Minneapolis — They say familiarity breeds contempt, but in the case of the Tigers and Twins, who finished off a set of 10 games in 18 games Wednesday, it’s mostly bred chaos.
Four of the games went extra innings. The Tigers hit ninth-inning, game-tying home runs in three of them and were 1-2 in those games. In the games Monday and Tuesday, games that lasted just under four hours, there were 19 pitching changes.
“I hate the schedule this month, playing the Twins this much,” manager AJ Hinch said. “It’s rare. It’s the first time in my career it’s been this way, so I can’t bash it too much. But I don’t think it is the best brand of baseball for the competition part of it when you play the same team 10 times in a month.”
Then this mess happened in the series finale. The Tigers’ 17-14 series-clinching win at a sweltering Target Field on Wednesday was highlighted (or marred, depending on your perspective) by a combined 23-batter, 14-run, 14-hit fourth inning and four-home run eighth inning.
The Tigers sent 11 hitters to the plate and scored eight runs in the top of the fourth against Twins lefty starter J.A. Happ. They were up 10-0 as Wily Peralta went to the mound in the bottom of the fourth.
The Twins countered with 12 hitters and six runs, including a grand slam home run by catcher Ryan Jeffers. Three catchers hit grand slams in this series — Eric Haase for the Tigers, Jeffers and Mitch Garver for the Twins.
It was the fifth time in franchise history, the first since 1997, that the Tigers scored 10 or more runs and allowed six or more in the first four innings of a game.
Oh, there’s more. This turned into a slow-pitch softball game. The Twins hit four more home runs in the eighth, cutting a 13-6 deficit to 13-12.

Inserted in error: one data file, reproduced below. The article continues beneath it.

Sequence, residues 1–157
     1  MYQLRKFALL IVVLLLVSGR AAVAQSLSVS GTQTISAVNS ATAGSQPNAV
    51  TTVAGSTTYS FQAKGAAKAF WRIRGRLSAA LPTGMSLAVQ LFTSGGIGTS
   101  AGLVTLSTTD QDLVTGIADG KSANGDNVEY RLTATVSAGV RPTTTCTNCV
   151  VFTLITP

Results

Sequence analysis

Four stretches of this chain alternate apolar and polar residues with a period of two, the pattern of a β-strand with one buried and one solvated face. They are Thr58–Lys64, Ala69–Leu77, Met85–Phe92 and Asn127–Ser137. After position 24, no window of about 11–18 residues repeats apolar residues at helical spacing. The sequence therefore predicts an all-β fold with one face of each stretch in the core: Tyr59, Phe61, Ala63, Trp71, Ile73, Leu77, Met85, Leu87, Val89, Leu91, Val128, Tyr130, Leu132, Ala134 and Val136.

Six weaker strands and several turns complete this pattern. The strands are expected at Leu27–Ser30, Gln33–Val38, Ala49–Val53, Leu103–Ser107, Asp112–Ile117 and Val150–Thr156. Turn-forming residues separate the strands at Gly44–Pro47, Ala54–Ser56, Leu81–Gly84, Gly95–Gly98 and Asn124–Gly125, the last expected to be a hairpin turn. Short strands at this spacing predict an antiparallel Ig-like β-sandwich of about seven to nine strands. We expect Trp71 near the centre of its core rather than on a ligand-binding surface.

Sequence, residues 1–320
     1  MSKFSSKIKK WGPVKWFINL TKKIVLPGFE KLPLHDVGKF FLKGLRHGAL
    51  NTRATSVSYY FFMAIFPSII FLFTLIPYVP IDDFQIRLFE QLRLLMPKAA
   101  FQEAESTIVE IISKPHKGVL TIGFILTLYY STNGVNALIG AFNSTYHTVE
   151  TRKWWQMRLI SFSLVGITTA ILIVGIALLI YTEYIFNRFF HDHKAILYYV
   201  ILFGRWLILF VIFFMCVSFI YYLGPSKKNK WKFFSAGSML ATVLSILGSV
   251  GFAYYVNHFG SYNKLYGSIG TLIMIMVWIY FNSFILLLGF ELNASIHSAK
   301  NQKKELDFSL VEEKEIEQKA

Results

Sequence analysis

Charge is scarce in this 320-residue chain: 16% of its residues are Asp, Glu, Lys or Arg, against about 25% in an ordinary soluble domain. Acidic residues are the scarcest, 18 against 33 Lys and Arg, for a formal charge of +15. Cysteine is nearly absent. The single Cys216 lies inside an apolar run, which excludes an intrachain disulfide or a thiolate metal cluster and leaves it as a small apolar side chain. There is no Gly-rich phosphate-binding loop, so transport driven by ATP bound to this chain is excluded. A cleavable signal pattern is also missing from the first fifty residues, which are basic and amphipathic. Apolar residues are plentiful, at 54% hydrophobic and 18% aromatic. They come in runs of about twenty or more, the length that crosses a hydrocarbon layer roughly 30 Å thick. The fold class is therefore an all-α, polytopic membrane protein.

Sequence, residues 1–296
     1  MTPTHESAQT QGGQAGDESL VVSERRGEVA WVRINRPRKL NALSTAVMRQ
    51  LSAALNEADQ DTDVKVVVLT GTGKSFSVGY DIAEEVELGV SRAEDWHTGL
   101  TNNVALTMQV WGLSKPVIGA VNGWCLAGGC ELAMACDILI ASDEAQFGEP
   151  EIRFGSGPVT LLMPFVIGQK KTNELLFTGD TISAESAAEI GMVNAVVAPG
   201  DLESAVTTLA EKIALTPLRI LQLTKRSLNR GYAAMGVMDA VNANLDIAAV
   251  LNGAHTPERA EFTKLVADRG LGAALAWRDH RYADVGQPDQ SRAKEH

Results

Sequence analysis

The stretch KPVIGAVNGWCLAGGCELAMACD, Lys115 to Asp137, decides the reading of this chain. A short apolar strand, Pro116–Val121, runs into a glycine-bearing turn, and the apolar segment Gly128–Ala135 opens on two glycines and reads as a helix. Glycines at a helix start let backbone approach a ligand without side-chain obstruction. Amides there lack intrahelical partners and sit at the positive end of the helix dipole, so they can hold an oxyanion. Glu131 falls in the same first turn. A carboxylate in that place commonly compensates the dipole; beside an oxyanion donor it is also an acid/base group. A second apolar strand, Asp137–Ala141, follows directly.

Max Kepler and Brent Rooker hit back-to-back homers off Buck Farmer to start the eighth. After a walk, Miguel Sano hit the first pitch he saw from Joe Jimenez into the seats. It was his second homer of the game.
After a double by Willians Astudillo, Jeffers hit his second home run of the game, making it a one-run game.
There were 16 home runs hit in this three-game series, seven by the Twins on Wednesday. The Twins hadn’t hit four in an inning since 1992.
The clinching blow for the Tigers turned out to be a three-run double in the top of the ninth by Haase. It put the Tigers up 17-12.
Jorge Polanco hit a two-run home run off Gregory Soto before he mercifully closed it out.
In the Tigers’ eight-run fourth, the first seven hitters reached and scored against Happ. Akil Baddoo doubled in a run. Derek Hill, who had three hits including an RBI bunt single in the second, plated another with an infield single. Jeimer Candelario’s two-run double ended Happ’s day.
Willi Castro greeted former Tiger Beau Burrows with an RBI triple.
On the day, Baddoo, Candelario, Willi Castro, Harold Castro and Grayson Greiner each had two hits. It looked like it was going to be a breeze.
Then the Twins started beating up Peralta. The first five hitters reached and scored — four of them courtesy of Jeffer’s blast. Sano also homered off Peralta in the inning.
Back-to-back walks to start the sixth came back to bite Burrows. Zack Short and Greiner each doubled in a run and Willi Castro plated another with a sacrifice fly to extend the lead to 13-6.
The 17 runs, a season-high by the Tigers, was also the most they’ve scored without a home run since July 23, 1961 against the Kansas City Athletics.
It was that kind of series.